David Cay Johnston is exposing YAL (yet another loophole) on corporate and master limited partnership tax structures. Like Billionaires need yet another tax break. Seems energy pipeline owners have figured out a nice little way to charge customers for energy pipeline owners personal tax bills.
It seems pipelines are allowed to include tax estimates when charging rates to customers. But the thing is, unlike corporations, partnerships don't pay any business taxes, only the partnership owners do in personal taxes.
David Cay Johnston, who dug into this little MLP pipeline trick, wrote on Tax.com:
Even though the MLP does not pay the corporate income tax, FERC lets MLP pipelines include income tax in the rates charged to customers. FERC policy assumes the top marginal tax rate. Since the only income tax paid is by individual owners, this means that the rates include the individual income tax the MLP investors owe. In other words, you are forced to pay the income taxes of the MLP investors when you buy natural gas or petroleum products that were transported on such a pipeline.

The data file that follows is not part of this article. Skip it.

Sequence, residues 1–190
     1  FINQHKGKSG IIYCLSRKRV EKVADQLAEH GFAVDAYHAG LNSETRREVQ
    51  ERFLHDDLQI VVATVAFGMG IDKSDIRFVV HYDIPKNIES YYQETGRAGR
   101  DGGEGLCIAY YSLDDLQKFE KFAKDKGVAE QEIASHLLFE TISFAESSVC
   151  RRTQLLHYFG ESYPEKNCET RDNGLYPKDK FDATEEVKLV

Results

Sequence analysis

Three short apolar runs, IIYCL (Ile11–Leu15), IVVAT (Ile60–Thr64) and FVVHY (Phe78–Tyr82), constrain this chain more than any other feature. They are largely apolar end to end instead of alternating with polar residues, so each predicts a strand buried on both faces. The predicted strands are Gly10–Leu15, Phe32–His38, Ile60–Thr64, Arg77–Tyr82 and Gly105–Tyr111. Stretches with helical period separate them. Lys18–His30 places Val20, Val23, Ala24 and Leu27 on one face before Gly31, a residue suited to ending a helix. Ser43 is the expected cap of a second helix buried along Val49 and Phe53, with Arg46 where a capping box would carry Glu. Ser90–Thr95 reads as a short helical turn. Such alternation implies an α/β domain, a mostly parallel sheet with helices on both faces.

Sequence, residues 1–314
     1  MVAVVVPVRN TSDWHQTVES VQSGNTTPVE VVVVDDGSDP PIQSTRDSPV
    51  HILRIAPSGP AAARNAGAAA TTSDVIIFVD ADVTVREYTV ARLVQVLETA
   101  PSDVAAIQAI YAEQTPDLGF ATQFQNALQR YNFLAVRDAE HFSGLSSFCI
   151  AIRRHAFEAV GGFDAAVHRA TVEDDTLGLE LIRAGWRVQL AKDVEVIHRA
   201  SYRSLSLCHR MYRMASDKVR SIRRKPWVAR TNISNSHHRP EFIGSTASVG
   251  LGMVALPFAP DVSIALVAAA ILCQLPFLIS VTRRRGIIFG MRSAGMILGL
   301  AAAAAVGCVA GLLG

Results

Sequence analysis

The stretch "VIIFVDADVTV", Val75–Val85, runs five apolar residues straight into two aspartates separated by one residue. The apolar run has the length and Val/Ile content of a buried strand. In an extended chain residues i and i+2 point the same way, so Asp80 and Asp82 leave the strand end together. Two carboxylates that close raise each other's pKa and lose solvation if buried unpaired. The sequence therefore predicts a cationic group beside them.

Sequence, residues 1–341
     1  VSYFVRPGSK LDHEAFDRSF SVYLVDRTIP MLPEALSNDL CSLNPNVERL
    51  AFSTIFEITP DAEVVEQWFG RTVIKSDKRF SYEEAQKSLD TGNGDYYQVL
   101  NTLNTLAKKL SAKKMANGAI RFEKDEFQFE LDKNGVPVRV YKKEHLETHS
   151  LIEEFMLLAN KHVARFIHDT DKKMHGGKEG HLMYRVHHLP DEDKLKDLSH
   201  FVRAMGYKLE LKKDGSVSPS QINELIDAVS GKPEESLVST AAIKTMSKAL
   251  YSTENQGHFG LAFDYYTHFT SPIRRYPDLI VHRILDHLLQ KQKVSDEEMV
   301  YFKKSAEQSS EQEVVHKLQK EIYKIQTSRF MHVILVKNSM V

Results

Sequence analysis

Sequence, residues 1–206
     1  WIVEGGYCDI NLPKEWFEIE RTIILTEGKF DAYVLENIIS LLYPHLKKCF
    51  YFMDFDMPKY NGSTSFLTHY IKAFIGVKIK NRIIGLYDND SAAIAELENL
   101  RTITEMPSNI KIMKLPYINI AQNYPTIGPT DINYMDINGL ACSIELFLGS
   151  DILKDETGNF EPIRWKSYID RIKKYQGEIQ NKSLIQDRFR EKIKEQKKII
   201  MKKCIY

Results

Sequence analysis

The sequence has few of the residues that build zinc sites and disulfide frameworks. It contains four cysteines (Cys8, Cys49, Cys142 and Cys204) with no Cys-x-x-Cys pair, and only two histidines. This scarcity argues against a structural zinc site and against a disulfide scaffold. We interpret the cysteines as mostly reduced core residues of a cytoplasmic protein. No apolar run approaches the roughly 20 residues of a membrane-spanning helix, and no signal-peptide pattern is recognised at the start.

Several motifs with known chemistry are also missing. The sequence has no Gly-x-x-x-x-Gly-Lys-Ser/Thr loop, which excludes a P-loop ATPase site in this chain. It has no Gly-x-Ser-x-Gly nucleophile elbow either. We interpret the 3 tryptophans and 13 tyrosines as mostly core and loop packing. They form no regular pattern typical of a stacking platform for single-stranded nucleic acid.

I suggest reading the rest of the article for as with most tax loopholes, this one for big oil, in collusion with the Federal Energy Regulatory Commission (FERC), the techniques are complex to understand.
But Johnston is right in his assessment of YAL (yet another loophole) shifting tax responsibilities of the rich onto the consumer. Here is a Wall Street Journal article talking about these very MLPs paying out incredible dividends.
REITs and MLPs are required by law to pay most of their taxable income back to investors. So pros increasingly see them as a way to collect a substantial return, even when markets flatten or fall. Yields as high as Annaly's are rare—its dividend is high in part because fears about the housing market have sunk its shares—but dividends in the 5 to 7 percent range are common. Most REITs and MLPs trade like stocks, and they've been hot lately. The Dow Jones Equity All REIT index rose 10 percent in the first quarter of this year, more than doubling the return of the S&P 500; and the Alerian MLP index is up 83 percent since 2008.
Seems REITs have pass through tax restructuring properties too.